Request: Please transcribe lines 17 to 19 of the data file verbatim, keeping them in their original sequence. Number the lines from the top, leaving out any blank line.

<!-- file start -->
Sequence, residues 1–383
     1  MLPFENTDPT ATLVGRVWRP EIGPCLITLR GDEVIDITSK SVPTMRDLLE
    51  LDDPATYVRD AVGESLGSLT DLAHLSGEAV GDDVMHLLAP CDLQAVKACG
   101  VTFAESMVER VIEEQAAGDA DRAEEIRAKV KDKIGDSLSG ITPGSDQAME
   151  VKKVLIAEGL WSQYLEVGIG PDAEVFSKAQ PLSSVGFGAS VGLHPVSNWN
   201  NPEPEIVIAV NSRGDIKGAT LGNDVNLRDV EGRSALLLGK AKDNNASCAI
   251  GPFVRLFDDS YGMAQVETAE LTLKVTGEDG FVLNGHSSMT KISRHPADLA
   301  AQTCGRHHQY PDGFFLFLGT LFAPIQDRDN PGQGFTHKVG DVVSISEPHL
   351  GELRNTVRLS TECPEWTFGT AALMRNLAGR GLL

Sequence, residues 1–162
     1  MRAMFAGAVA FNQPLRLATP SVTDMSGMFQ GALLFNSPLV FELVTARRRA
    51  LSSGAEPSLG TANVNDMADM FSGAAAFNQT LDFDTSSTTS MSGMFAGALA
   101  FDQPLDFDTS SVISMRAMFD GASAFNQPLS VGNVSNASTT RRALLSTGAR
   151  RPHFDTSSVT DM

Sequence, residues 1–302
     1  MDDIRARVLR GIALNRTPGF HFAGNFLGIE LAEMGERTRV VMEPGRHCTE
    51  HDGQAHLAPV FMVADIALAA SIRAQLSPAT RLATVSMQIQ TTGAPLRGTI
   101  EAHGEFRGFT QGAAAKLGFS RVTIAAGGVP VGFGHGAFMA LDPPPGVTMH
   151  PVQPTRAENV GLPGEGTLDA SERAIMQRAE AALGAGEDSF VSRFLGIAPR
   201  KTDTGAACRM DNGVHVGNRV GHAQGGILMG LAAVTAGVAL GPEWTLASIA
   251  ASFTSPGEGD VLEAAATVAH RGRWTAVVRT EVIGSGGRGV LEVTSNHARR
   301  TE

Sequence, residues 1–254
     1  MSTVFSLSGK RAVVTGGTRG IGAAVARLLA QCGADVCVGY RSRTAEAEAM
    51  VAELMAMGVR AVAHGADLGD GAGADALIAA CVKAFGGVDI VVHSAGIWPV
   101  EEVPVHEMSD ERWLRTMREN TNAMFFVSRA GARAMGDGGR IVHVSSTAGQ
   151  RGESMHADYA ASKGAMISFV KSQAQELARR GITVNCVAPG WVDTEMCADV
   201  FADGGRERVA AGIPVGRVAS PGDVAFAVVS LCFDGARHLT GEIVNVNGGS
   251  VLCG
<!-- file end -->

    51  HDGQAHLAPV FMVADIALAA SIRAQLSPAT RLATVSMQIQ TTGAPLRGTI
   101  EAHGEFRGFT QGAAAKLGFS RVTIAAGGVP VGFGHGAFMA LDPPPGVTMH
   151  PVQPTRAENV GLPGEGTLDA SERAIMQRAE AALGAGEDSF VSRFLGIAPR